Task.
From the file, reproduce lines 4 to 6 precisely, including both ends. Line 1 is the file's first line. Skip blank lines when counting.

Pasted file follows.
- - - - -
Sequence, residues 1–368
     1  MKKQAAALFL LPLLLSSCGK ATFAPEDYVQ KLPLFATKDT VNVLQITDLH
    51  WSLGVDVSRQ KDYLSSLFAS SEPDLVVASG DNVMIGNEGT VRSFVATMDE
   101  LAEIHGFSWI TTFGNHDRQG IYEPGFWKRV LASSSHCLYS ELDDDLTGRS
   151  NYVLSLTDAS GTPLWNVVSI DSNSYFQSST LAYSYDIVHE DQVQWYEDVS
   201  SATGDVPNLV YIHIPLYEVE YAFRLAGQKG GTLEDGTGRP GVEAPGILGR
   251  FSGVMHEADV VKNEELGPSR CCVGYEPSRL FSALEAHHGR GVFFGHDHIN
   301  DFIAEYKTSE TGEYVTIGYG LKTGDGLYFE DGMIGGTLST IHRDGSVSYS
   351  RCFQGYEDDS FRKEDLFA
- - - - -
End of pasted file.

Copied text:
   101  LAEIHGFSWI TTFGNHDRQG IYEPGFWKRV LASSSHCLYS ELDDDLTGRS
   151  NYVLSLTDAS GTPLWNVVSI DSNSYFQSST LAYSYDIVHE DQVQWYEDVS
   201  SATGDVPNLV YIHIPLYEVE YAFRLAGQKG GTLEDGTGRP GVEAPGILGR